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Julia Bell
Julia Bell

Julia Bell is a writer and Senior Lecturer at Birkbeck and Course Director of the Creative Writing MA. She is the author of three novels, most recently The Dark Light to be published in May 2015 by Macmillan, the co editor of the Creative Writing Coursebook, as well as three volumes of short stories most recently The Sea In Birmingham. She also takes photographs, writes poetry, short stories, occasional essays and journalism, and is the co-curator of spoken word night @InYerEarLondon. Twitter: @juliabell.

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Still Lives: 'Twenty One Locks' by Laura Barton

First novels. There are two kinds: the bombastic, zeigeisty statements of intent (think The Rachel Papers, Less Than Zero, Oranges Are Not the Only Fruit, The Bluest Eye); and, then the quieter, more flawed pieces which offer the promise of the potential writer in the making. Twenty One Locks falls into the latter category. It’s a quiet story about Jeannie, twenty years old and Lancashire’s worst perfume girl, engaged to be married to the flesh-bound, boorish Jimmy. She is stuck in a small town life in the early 1990s, with poetic sensibilities and no means of escape until she meets Danny, who is travelled and sophisticated and throws all the certainties of her life into chaos.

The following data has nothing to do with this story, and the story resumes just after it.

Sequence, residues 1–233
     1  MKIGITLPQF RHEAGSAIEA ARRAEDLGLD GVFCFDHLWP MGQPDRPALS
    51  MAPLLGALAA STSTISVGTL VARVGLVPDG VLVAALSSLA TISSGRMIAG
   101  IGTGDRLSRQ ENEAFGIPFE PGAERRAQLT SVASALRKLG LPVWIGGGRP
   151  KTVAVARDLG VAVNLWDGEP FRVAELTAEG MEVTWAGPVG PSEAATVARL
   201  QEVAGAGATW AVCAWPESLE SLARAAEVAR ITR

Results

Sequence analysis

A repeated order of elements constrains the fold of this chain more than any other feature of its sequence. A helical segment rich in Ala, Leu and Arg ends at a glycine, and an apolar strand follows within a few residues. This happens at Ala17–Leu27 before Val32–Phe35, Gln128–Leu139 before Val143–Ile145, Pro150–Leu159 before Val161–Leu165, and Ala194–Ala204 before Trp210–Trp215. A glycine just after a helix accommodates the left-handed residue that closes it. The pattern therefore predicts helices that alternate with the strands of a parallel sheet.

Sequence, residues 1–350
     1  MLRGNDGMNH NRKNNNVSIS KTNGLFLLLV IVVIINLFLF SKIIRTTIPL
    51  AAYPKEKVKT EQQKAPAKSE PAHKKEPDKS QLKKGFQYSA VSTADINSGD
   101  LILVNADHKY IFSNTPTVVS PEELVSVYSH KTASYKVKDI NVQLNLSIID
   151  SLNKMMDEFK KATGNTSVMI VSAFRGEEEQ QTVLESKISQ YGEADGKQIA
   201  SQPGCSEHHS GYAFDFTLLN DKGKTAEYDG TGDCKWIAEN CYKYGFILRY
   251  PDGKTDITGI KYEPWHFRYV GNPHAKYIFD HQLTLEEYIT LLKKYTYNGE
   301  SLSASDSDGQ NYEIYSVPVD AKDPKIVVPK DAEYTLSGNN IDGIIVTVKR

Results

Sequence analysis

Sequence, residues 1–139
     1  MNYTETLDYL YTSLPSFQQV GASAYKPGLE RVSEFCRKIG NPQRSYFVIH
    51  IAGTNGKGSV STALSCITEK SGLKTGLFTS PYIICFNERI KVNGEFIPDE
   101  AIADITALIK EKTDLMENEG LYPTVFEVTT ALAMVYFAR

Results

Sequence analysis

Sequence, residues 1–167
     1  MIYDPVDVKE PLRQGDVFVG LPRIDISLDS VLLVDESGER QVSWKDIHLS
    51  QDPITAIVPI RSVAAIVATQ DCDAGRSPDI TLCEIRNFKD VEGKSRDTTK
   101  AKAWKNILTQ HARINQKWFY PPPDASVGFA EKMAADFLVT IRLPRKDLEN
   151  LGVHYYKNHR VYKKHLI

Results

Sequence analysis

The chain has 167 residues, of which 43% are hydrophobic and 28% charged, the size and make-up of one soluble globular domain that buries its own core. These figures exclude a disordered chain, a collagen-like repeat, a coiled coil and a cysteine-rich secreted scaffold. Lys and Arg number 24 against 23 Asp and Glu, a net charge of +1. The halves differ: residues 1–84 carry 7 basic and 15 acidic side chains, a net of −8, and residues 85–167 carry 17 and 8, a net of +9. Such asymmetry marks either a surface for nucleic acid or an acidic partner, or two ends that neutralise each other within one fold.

It’s hard to write well about young characters, and, at twenty, Jeannie is still fragile, childlike, inexperienced, her inner life narrow. What Barton does to mitigate this is to give her Jeannie a vivid visual landscape. The promise in this book lies in the way in which the world is described. Orange squash is a ‘surly shade of amber’; old women are like walnuts; the hands of a character carry ‘the scent of brass’. The poetic language renders this nameless Lancashire town a kind of Lowry-esque still life with Jeannie at the centre, trying to move outside of the roles that have been prescribed for her.
          The point of view is troublesome, Barton roaming around too much inside her characters, employing a kind of authorial voice that betrays her background in journalism. The storytelling would have needed to stay much closer to Jeannie in order to achieve a real sense of completeness. But, for all its flaws, this book is rich with the promise of a young writer (Laura Barton is in her early 30s), and should be lauded for taking an unfashionable, working class subject and rendering it with dignity and poetry. What she writes next will be the real test of her ability and ambition.



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